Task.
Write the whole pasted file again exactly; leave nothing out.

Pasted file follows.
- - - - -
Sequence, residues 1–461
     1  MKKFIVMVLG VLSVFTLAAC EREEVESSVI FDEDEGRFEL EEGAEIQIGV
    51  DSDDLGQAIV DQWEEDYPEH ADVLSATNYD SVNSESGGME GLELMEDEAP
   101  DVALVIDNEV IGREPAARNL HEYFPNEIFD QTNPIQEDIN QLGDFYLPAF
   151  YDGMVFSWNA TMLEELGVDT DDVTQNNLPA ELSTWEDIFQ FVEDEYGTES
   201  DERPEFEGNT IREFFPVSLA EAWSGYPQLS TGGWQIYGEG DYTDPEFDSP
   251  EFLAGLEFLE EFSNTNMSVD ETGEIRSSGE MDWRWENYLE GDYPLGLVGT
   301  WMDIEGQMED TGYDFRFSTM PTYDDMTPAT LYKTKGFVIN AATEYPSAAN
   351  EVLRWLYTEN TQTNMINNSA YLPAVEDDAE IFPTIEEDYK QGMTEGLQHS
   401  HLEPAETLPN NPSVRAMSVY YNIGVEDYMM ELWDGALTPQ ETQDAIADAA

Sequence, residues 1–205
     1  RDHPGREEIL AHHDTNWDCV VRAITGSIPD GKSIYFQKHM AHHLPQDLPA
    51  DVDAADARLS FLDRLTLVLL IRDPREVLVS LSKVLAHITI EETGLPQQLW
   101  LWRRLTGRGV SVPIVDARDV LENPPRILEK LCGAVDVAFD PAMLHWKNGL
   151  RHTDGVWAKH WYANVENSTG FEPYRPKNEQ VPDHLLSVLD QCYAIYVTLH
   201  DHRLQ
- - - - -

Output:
Sequence, residues 1–461
     1  MKKFIVMVLG VLSVFTLAAC EREEVESSVI FDEDEGRFEL EEGAEIQIGV
    51  DSDDLGQAIV DQWEEDYPEH ADVLSATNYD SVNSESGGME GLELMEDEAP
   101  DVALVIDNEV IGREPAARNL HEYFPNEIFD QTNPIQEDIN QLGDFYLPAF
   151  YDGMVFSWNA TMLEELGVDT DDVTQNNLPA ELSTWEDIFQ FVEDEYGTES
   201  DERPEFEGNT IREFFPVSLA EAWSGYPQLS TGGWQIYGEG DYTDPEFDSP
   251  EFLAGLEFLE EFSNTNMSVD ETGEIRSSGE MDWRWENYLE GDYPLGLVGT
   301  WMDIEGQMED TGYDFRFSTM PTYDDMTPAT LYKTKGFVIN AATEYPSAAN
   351  EVLRWLYTEN TQTNMINNSA YLPAVEDDAE IFPTIEEDYK QGMTEGLQHS
   401  HLEPAETLPN NPSVRAMSVY YNIGVEDYMM ELWDGALTPQ ETQDAIADAA

Sequence, residues 1–205
     1  RDHPGREEIL AHHDTNWDCV VRAITGSIPD GKSIYFQKHM AHHLPQDLPA
    51  DVDAADARLS FLDRLTLVLL IRDPREVLVS LSKVLAHITI EETGLPQQLW
   101  LWRRLTGRGV SVPIVDARDV LENPPRILEK LCGAVDVAFD PAMLHWKNGL
   151  RHTDGVWAKH WYANVENSTG FEPYRPKNEQ VPDHLLSVLD QCYAIYVTLH
   201  DHRLQ